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Jermaine Alley
09-09-2002, 04:11 PM
Hey,
Does anyone know why there are three pleats on one side of the hakama and two on the other? Is it just a designing thing?

MaylandL
09-09-2002, 06:31 PM
Hello Jermaine

Have a look at this link. It tells you about the meaning of the pleats/folds.

http://www.aikidofaq.com/misc/hakama.html

Happy training :)

Kent Enfield
09-09-2002, 07:23 PM
You know, I see this bit of info all over the place, but I just don't buy it. I suspect it has a similar origin to that of the "hakama are for hiding your footwork" story. The two main problems I have with it are:

1) Historically, the number of pleats in hakama varies.

2) Why would someone design pants around a set of virtues?

My guess is that the symbolism is an add-on, not the reason for the design. To answer Jermaine's question: it's a fashion thing. The interlocking pleats make it look like one big piece, but you still have two separate legs.

Jermaine Alley
09-10-2002, 11:59 AM
That information was extremely helpful. I spent the last few hours reading up on more history.

I know that some things on the internet,you have to question, but the "seven virtues" as characterized in the hakama design is something that i might have to bring to the dojo....

thanks again..

jermaine

Tim Stanley
09-10-2002, 02:06 PM
Interesting reading concerning the meaning and wear of the hakama. I know that most dojo I have visited, ONLY yudansha are allowed to wear the hakama.

After reading the article mentioned above, I am curious, does your dojo require/request all students to wear the hakama?

Uke4life
09-10-2002, 04:20 PM
In my dojo, only O' Sensei and brown and black belts are allowed to wear them, the rest of us just my drool,lol. Train Safe!!

Jermaine Alley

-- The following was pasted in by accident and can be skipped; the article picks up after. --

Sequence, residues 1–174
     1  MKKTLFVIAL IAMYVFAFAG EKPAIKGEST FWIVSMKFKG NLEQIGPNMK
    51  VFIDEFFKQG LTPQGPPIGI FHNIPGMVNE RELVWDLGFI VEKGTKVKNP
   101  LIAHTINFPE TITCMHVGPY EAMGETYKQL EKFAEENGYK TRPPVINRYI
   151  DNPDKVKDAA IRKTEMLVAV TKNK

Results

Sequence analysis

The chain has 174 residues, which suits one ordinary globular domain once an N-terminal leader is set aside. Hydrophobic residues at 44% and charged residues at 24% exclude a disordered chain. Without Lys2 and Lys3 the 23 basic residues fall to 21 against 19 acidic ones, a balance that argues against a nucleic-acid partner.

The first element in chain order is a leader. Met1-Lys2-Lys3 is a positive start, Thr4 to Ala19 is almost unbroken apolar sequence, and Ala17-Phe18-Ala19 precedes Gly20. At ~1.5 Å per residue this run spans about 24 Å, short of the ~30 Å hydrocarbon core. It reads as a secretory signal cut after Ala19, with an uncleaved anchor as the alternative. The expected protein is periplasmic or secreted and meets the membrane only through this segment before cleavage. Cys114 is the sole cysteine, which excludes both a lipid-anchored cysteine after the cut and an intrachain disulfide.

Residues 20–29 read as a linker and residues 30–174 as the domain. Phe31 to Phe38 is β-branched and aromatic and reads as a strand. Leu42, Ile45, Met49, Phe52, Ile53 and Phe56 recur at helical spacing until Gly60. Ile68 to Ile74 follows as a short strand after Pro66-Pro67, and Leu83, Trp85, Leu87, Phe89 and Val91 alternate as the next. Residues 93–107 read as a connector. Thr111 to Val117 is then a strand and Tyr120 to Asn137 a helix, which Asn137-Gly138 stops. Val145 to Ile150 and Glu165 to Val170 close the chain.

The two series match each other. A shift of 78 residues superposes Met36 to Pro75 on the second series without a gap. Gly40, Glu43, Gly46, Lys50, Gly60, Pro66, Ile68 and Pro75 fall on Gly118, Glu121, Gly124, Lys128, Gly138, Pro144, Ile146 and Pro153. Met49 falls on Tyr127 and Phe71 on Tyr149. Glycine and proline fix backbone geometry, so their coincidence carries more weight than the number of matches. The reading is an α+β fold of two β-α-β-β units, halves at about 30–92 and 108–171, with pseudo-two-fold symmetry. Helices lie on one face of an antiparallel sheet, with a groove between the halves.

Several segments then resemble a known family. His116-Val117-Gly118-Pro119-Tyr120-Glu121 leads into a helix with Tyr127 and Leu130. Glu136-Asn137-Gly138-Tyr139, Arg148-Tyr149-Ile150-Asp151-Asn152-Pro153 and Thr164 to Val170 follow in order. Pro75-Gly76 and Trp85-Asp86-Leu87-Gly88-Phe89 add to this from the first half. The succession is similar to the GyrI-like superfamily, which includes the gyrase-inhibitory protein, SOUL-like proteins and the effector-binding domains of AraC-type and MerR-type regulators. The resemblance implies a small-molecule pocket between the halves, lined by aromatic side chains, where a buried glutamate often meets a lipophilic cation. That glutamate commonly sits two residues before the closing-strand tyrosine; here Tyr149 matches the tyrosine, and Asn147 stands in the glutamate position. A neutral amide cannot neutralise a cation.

09-11-2002, 01:02 AM
In my school only udansha wear the hakama. While reading some of the quotes from senior aikikai instructors about the history of hakama wearing...i sort of wish that everyone wore them also early on.

We don't have many big egos in our school, but we do have a few. Wearing of the hakama should be seen as an honor, but not something that contributes to your own ego.

As i learn more about budo and the history of aikido, i think that my ego is slowly decreasing.

Some of us need reminders in humility every so often to keep us grounded...

take care and thanks all..

jermaine:)

Abasan
09-11-2002, 01:09 AM
"In my dojo, only O' Sensei and brown and black belts are allowed to wear them, the rest of us just my drool,lol. Train Safe!!"

i didn't know osensei was still alive, n still teaching to boot!

:)

Jermaine Alley
09-11-2002, 03:00 PM
Hey guys,,

Since O'sensei believed that everyone should wear a hakama...how would this hold up?

Since the majority of newbys are not interested in paying the costs of a gi,(or hakama for that matter) until they are sold on aikido, why don't udansha pass off their hakama to the higher kyus of a certain rank) once or twice a month, just for fun? it would no doubt, be an honor for a ni-kyu or ikkyu to wear one, so why not?

Does any dojo do that now?

jermaine

Chris Li
09-11-2002, 04:46 PM
Hey guys,,

Since O'sensei believed that everyone should wear a hakama...how would this hold up?
"O'sensei believed..." is a common answer (for a lot of things), but the fact is that he was around and active when the change was made to hakama for yudansha only, and was still around well after the original reasons were no longer valid. He could have changed that at any time, and the fact that he didn't says to me that he either approved of the change or didn't think it was worth worrying about. It certainly doesn't say that he believed that everyone should wear a hakama.

Best,

Chris

Usagi
09-12-2002, 12:01 PM
We don't have many big egos in our school, but we do have a few. Wearing of the hakama should be seen as an honor, but not something that contributes to your own ego.

jermaine:)
Not critizing you, only asking...

Why should the use of a diferent kind of pants be treated as an "Honor"?

If the use of the hakama is an honor, then how can we expect people not to have an insuflated ego after reaching it ("i wear a hakama, you don't!" :) )

In my dojo i forbid any external distinction of rank or authority.

I wear a grey belt, some students use black, and anyone is free to wear hakama (no bright colours please!)

You know what was the result of this?

Every body is treated with equal respect.

Those with more skill are asked for advice, but don't see themselves as "superior students".

There was no lost of authority.

Every student knows that i am the SenSei (until my own SenSei comes to town, then i become another average student)

The only taboo attached to the hakama is that the students don't like to wear it until they learn how to fall properly (it's their own consensus).

With the upcoming moving of my SenSei to my town (he is going to live here) this may change (we still haven't talked about this subject).